Archive for the ‘Baseball’ Category

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Springtime

March 2, 2010

The crack of the bat

And the catching of fungoes

Spring is almost here

 

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Baseball books (in progress)

January 3, 2010

I am a baseball fan

and I am a fan of books

Here are some of my favourite books on baseball.

Oral Histories (stories told by the players)

One of the first (and one of the best) that gives you a flavour on the game as it was played a century ago is the wonderful “Glory Of Their Times”. but the edition I fell in love with wasn’t the text edition but the audio version. It is a joy to hear the voices of those men who played the game.

In a similar style, former baseball commisioner, Fay Vincent, has written two excellent books (so far, the third is due out in March/April 2010).

The first is “The Only Game In Town” which is compiled from interviews with players who played in the 1930’s and 1940’s. the second volume, “We Would Have Played For Nothing” continues with interviews with players from the 1950’s and 1960’s. I would say both of these are worthy successors to Lawrence Ritter’s masterpiece.

A chronological approach to an oral history is “We Played The Game” which covers the years 1947-1964. As this is done on a year by year style, the extracts are shorter but you get a feel for that particular year.

Biographies/”Autobiographies”

[Note ~ I shall include books I own but have yet to read/finish for the sake of providing as many titles as I can, I have also put in the name of the teams that the player was most famous playing for]

I Had A Hammer ~ Hank Aaron (Milwaukee/Atlanta Braves)

I have an extract of this book on a CD titled “Play Ball ~ A Tribute to our National Pastime” read by the Hammer himself. This is a book I have yet to read but it has had excellent reviews and I intend to read it once the season starts. It is the story of the last home run king who hasn’t been tainted by the shadow of steroids. Aaron was one of the last players to play in the Negro Leagues before joining the Milwaukee Braves and being consistantly brilliant with the bat. I don’t think anyone of us can really appreciate the hardship that Aaron went through as he came close and then passed Babe Ruth to become the all time home run king. Death threats for playing a game must be terrifying if not only for yourself but for your family but Aaron managed it with remarable dignity.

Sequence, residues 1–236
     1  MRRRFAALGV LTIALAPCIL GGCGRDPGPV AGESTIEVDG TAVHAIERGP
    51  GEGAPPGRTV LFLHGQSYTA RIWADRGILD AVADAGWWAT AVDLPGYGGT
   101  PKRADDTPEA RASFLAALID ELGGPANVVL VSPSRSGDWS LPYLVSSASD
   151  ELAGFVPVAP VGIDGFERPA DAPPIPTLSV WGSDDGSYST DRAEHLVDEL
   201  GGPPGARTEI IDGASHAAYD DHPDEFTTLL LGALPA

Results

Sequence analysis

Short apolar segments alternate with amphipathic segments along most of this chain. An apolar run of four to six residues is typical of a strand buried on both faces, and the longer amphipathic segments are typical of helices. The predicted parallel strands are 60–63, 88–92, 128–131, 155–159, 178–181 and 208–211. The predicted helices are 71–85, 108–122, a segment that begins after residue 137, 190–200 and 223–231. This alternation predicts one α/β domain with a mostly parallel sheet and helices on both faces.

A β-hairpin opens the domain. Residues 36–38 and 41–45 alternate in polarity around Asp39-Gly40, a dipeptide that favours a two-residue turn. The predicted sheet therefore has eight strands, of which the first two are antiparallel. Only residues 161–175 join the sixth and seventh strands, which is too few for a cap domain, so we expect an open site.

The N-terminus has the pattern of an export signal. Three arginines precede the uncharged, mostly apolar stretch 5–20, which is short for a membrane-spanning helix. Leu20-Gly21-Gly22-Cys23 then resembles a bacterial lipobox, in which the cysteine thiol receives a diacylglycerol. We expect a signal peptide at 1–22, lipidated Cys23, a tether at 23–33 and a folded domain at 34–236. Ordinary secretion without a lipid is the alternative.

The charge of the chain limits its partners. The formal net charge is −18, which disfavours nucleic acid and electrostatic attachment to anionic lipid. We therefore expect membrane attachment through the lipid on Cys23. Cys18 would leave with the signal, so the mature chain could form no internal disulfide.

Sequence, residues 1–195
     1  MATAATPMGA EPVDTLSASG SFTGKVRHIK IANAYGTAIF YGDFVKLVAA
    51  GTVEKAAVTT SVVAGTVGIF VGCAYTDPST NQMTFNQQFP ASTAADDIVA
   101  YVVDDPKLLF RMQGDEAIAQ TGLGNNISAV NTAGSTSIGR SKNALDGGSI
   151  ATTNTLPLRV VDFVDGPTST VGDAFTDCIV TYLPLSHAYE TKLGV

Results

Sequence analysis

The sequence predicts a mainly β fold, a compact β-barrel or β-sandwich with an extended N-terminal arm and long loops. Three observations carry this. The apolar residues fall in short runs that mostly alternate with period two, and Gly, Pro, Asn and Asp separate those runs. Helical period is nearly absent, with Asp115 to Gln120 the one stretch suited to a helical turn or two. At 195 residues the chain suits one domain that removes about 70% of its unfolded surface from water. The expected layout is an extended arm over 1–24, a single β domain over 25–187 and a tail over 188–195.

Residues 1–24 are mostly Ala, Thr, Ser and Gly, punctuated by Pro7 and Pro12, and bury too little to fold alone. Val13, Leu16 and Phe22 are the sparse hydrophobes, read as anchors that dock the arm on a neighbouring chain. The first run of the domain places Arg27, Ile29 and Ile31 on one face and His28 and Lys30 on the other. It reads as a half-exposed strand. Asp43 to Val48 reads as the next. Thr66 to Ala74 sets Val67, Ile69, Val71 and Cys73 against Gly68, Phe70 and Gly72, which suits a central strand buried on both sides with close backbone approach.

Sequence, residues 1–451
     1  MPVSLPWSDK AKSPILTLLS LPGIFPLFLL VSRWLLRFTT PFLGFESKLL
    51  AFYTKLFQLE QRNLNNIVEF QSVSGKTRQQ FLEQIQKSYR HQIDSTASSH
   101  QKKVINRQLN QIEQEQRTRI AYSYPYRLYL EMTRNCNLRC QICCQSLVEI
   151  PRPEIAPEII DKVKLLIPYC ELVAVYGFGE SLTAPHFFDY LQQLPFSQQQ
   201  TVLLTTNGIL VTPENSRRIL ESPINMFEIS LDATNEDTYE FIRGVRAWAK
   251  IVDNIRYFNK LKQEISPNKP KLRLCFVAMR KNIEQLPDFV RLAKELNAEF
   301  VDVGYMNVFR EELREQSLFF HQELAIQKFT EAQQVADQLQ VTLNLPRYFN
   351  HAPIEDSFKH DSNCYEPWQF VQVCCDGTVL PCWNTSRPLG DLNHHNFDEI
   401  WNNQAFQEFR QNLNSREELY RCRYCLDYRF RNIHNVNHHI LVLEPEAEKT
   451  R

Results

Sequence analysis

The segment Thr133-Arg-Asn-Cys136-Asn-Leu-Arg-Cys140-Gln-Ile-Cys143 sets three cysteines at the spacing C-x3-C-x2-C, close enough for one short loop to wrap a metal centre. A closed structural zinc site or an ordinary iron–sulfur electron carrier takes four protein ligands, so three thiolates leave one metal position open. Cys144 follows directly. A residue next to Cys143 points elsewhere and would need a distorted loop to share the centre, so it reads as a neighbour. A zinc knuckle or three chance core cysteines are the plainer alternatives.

Yogi: It ain’t over ~ Yogi Berra (New York Yankees)

This is the story of one of baseball’s most loved (and quoted) players. Yogi played in a record 75 World Series games (yes, I said World Series games ~ no divisional or championship games then). This book read like an oral recollection from his long career with the occassional “Other Voices” to give an added dimension to the story. An entertaining read.

Ball Four ~ Jim Bouton (New York Yankees/Seattle Pilots)

This book was the first of its kind when it came oout in 1970, a ballplayer telling it like it is, warts and all. Jim Bouton may not have the fame (or talent) of some of the others in this collection, but his book is amongst the most enjoyable. A quote from the back of my copy says it well by statign “Ball Four is not strictly a book about baseball, but one about people who happen to be baseball players. And it’s hilariously funny”. It also serves to be a document of the Seattle Pilots only season before relocating to Milwaukee to become the Brewers.

Lefty Grove: American Original ~ Jim Kaplan